Your business terms and conditions reduce misunderstandings between you and your customers. They’ll also help avoid expensive legal disputes. This article explains what your terms and conditions should include to ensure your sales go smoothly.
What Are Business Terms and Conditions?
A business terms and conditions agreement is a legally binding document. You’ll typically ask customers to accept the terms before they make a purchase. For example, if you sell online, you might require customers to tick a checkbox stating their acceptance.
A well-drafted agreement contains information such as:
- the type of products provided;
- delivery of the products;
- payment terms;
- protection of intellectual property and confidential information;
- dispute resolution processes and termination; and
- Australian Consumer Law liabilities and disclaimers.
Comprehensive terms and conditions provide certainty about your customers’ rights and protect your business from potential disputes.
What Disputes Can Arise?
Your business terms and conditions will define the scope of the relationship with your clients. If you don’t limit the scope of your business relationship, you won’t know when the relationship can be terminated. Therefore, your terms and conditions should include:
- the products you’ll provide;
- when you’ll provide the products; and
- how you’ll provide the products.
If your business terms and conditions lack these details, you may have to rely on emails or conversations with your customers about what, when and how you’ll provide products. This can lead to misunderstandings and disputes. For example, your customer may purchase a product and expect delivery in one week. However, you may always deliver in two weeks. Your customer does not recall discussing these terms with you and wants a refund because they found an alternative that can be delivered earlier.
If you do not provide clear payment terms to your customers, how will they know what type of payment you accept, or when you require payment? Failing to provide clear payment terms may lead to a dispute.
For example, your customer purchases a new custom-made surfboard and asks when you’ll deliver. You have not purchased the materials to make the surfboard because you need 20% of the product payment up front. However, your customer thought they would pay for the surfboard after delivery. You can prevent this embarrassing problem by having clear payment terms and conditions.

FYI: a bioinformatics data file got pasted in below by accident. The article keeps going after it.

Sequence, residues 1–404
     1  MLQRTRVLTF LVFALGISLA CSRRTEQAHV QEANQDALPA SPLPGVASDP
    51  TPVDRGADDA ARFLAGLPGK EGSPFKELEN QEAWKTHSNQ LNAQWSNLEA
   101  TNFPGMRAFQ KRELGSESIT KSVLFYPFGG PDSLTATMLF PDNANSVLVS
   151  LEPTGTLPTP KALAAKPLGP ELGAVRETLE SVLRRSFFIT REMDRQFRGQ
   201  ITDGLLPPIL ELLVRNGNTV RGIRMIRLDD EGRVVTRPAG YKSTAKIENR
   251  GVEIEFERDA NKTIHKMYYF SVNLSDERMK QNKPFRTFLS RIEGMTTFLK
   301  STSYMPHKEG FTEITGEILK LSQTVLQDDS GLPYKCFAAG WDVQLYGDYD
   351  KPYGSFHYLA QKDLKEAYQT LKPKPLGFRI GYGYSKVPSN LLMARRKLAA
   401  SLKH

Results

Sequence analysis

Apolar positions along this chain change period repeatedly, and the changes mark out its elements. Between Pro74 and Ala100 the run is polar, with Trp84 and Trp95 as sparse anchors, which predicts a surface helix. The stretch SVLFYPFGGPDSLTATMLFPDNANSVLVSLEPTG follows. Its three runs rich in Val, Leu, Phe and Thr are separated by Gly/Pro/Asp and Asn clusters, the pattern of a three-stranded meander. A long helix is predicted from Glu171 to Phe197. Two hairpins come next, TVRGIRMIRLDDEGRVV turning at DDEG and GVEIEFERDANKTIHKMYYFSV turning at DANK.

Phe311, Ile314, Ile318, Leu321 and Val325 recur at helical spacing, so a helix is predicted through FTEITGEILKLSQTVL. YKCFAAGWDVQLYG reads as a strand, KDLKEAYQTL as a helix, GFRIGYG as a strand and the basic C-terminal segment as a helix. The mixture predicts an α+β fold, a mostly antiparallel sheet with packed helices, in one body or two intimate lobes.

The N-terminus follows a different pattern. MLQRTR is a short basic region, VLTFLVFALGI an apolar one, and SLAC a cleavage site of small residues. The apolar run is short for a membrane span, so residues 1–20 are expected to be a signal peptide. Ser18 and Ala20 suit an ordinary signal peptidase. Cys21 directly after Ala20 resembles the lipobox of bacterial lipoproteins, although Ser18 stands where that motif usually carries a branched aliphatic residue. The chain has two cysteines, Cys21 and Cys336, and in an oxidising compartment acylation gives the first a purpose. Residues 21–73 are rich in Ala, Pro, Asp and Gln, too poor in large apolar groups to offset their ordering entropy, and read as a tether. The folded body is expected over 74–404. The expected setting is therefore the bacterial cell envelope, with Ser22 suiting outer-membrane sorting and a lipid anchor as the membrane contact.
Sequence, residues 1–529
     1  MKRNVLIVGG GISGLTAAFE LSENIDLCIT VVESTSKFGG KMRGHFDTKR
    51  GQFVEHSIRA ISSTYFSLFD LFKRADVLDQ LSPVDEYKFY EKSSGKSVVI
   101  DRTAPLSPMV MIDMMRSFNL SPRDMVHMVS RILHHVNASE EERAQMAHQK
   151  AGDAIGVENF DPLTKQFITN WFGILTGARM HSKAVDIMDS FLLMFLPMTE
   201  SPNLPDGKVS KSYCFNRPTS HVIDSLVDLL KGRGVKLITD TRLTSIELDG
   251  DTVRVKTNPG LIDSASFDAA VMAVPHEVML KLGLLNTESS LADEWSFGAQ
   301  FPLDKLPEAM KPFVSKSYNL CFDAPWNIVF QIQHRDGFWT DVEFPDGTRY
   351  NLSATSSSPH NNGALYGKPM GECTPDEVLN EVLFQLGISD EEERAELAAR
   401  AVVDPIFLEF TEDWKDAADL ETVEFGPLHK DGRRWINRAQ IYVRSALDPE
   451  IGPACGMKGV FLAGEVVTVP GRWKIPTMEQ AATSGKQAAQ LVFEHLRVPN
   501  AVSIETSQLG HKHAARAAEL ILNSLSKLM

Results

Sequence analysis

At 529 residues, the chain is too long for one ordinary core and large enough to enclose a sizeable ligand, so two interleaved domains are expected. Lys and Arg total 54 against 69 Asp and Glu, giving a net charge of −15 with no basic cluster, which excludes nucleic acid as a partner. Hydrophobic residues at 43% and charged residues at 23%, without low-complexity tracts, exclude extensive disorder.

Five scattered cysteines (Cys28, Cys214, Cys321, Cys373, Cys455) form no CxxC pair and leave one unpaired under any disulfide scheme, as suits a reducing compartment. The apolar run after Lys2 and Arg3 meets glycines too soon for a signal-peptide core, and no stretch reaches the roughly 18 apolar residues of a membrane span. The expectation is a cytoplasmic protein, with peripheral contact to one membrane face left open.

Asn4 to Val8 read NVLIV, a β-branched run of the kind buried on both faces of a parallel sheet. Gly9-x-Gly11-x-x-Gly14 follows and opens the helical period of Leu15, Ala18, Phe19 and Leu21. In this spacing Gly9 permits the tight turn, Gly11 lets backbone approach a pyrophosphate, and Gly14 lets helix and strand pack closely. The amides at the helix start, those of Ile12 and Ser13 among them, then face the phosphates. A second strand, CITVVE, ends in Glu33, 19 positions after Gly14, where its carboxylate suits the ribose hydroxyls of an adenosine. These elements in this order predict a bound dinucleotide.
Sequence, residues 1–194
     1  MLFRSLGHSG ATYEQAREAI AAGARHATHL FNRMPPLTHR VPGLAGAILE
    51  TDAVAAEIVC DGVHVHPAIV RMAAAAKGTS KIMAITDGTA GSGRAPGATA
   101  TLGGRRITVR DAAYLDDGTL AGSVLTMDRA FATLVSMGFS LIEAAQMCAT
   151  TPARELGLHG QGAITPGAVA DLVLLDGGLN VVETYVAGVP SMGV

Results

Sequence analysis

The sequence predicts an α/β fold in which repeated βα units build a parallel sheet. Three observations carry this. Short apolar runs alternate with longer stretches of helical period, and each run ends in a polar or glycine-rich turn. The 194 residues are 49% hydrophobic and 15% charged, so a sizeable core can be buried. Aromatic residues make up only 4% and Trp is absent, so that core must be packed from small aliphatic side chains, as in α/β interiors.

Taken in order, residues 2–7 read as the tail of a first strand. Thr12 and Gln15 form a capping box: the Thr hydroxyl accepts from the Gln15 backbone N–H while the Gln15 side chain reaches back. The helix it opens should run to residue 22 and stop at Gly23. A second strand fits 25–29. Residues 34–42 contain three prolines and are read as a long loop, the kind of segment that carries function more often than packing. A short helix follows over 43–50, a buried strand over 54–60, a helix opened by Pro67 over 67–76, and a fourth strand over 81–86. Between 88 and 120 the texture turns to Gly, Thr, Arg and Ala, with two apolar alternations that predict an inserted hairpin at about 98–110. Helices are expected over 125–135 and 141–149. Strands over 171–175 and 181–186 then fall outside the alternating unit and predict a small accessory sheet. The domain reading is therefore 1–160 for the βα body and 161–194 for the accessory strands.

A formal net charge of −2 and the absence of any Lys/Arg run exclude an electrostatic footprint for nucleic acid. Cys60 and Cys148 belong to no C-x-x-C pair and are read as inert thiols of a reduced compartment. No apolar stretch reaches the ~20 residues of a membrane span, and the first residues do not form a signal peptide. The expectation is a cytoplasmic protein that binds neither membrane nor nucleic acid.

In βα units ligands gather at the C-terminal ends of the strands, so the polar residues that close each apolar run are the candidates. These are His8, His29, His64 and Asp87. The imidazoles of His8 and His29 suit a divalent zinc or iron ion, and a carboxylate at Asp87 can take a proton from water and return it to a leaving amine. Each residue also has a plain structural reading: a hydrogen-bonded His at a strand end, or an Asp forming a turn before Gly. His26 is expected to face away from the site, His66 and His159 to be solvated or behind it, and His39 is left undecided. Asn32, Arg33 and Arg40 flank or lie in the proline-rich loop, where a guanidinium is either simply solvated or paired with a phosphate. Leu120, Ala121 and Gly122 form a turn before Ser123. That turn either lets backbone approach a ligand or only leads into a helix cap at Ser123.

It is important to clarify how and when your products or services will be delivered, who pays the costs of delivery and what happens if the goods or services are not delivered. Failing to do so can potentially create:
- delay disputes;
- disputes about unexpected delivery costs and who should pay for the costs; and
- product damage disputes.
Your business terms and conditions should also include disclaimers about the products you sell. Disputes can arise if a customer starts thinking your product is not suitable for the purpose they bought it for.
For example, you may need to distinguish between your medical products and providing medical advice. A customer may purchase your medical product and rely on it to fix their medical problem without seeking medical advice. They may want to dispute the authenticity of your medical product because it did not fix their problem. This would have been avoided if your terms and conditions include a disclaimer about seeking medical advice before purchasing your medical products.
Australian Consumer Law and Limited Liabilities
Your business terms and conditions must comply with the Australian Consumer Law guarantees. However, your terms and conditions can expressly limit your liability within the scope of the law, including having a monetary cap on your potential liability.
For example, it’s common to include in business terms and conditions that the business’ total liability towards a customer will not exceed the price paid for the purchase of products.
Your business terms and conditions reduce the possibility of disputes arising with your customers, so it’s important to get them right. Your terms should clearly outline the scope of the relationship, payment, delivery, disclaimers and liabilities.
If you need assistance with drafting or reviewing your business terms and conditions, call LegalVision’s contract lawyers on 1300 544 755 or fill out the form on this page.
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